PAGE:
Boston’s school assignment process is, once again, a hot topic. People who are angry about the options before them blame the assignment process and there is certainly plenty to blame. The Mayor has stoked the fire by saying very publicly that 2012 is the year that the process is going to get “fixed.” He wants more students going to schools in their neighborhood, and emphasizes how much this will save in transportation costs. We can use that gas savings to make the schools better. Does that mean that the “fix” is in?
The Mayor’s strong statement puts the School Committee (which he appoints) and the Superintendent (who has a hard time steering an independent course) in a tough position. As if the process is still open and she really wants to hear all opinions, the Superintendent has set up a special External Advisory Committee to study the situation and recommend solutions.
Over the past few weeks, I’ve gone to two meetings about school assignment. One of these was a meeting held at the Irving School by the External Advisory Committee. To my shock, the meeting was catered, which suggests that this committee has a budget for its work. At that meeting, the School Department seemed quite sincere in saying that it wanted to hear what people thought about the process. In my small group, one woman insisted on saying that the talk about school assignment being the problem was taking our attention from the real problem, which is the poor quality of education in many schools. I didn’t agree with her solution to the quality problem, but she was right about all the talk about assignment turning our heads in the wrong direction.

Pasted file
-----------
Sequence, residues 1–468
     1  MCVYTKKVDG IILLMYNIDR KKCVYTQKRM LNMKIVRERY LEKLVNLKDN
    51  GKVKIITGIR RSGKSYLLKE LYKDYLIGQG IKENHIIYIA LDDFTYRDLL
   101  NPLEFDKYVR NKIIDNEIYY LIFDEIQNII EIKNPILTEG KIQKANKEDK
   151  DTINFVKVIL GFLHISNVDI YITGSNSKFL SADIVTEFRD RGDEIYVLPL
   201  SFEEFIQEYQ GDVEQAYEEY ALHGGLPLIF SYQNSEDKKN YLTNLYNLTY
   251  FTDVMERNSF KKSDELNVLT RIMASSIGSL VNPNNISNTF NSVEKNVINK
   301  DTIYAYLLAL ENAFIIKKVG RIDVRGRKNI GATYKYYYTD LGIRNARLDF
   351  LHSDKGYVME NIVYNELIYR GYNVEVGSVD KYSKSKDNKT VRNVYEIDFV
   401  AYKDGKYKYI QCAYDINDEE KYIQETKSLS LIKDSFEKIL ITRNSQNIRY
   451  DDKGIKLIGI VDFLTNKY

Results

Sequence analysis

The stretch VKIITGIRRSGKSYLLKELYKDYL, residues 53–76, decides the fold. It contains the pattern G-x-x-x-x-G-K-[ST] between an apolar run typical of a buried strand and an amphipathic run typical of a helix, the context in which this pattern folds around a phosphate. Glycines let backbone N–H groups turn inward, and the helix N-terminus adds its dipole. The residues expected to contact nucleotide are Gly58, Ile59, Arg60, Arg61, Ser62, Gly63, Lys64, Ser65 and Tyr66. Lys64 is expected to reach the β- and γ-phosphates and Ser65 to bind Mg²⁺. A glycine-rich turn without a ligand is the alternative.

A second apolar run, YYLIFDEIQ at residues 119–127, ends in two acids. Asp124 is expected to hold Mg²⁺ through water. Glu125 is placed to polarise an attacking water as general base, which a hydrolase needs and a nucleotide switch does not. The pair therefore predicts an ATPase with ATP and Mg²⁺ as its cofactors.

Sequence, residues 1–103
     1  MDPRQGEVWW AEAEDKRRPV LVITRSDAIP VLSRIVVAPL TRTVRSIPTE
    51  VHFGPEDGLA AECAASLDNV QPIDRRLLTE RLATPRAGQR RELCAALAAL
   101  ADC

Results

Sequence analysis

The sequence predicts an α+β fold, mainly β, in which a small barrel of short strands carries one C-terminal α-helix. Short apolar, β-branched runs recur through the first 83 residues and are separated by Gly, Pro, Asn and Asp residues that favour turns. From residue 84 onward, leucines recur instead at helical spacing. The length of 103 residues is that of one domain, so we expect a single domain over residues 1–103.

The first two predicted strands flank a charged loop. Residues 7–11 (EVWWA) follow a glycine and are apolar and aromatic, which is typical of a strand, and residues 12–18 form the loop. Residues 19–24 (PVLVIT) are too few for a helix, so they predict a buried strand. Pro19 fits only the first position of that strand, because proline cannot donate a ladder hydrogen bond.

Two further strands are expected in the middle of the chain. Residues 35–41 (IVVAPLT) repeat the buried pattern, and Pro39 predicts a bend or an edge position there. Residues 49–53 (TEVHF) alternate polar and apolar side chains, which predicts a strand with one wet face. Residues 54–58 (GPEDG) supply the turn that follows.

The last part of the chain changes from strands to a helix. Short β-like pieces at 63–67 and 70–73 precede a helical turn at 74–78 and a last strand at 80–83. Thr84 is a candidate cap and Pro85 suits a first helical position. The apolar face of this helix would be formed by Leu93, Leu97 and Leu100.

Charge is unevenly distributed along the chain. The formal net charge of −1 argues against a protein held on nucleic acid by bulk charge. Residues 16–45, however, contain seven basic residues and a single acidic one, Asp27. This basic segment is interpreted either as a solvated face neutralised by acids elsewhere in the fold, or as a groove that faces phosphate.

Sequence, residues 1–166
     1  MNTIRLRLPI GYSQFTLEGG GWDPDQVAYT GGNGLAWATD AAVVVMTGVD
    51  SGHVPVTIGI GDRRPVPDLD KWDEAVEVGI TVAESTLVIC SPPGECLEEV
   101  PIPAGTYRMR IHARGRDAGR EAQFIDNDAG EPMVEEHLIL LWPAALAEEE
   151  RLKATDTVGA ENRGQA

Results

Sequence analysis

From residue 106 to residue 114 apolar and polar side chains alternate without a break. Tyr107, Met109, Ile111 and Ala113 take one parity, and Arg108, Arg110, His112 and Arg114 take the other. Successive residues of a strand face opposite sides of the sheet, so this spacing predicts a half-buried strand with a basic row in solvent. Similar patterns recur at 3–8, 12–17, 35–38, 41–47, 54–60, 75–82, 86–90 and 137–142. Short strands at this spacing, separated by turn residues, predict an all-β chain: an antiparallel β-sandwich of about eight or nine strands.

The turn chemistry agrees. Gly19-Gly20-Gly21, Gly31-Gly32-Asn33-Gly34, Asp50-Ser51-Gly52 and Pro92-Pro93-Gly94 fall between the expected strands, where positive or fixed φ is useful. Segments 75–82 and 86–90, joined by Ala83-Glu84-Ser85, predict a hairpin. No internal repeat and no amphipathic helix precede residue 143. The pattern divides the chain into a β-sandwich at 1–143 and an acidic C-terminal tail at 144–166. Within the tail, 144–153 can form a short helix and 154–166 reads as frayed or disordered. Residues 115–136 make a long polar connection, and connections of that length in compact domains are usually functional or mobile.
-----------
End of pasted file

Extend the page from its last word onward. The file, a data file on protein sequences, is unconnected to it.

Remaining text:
People, mostly those who had lost in the K-1 lottery, did take the opportunity to vent about the current system. They had lots of specific suggestions about how the system could be better, even without a lot more K-1 seats. One woman reported that she had decided to quit her job in order to work full-time on finding the right school for her child. A recorder dutifully took down every suggestion on butcher-block paper. I wonder where that information is…RIGHT NOW.
Then, at the end of the meeting, a member of the Advisory Committee asked a provocative question…”How would you like it if, instead of 15 schools, like you have now, you had a smaller zone of 10 schools to choose from?” One of the most vocal and disappointed of the K-1 mothers answered immediately. “I say…BRING IT ON!” She obviously felt that being in a smaller zone would have helped her chances to get her child into K-1, but I don’t see how that would happen, unless, in her smaller zone, there were fewer applicants per available K-1 seat.
I chimed in with a goofy-sounding comment about Boston already having experience with community schools (pre-1974), and the experience is not one we want to repeat. As if on cue, the facilitator shut down the meeting.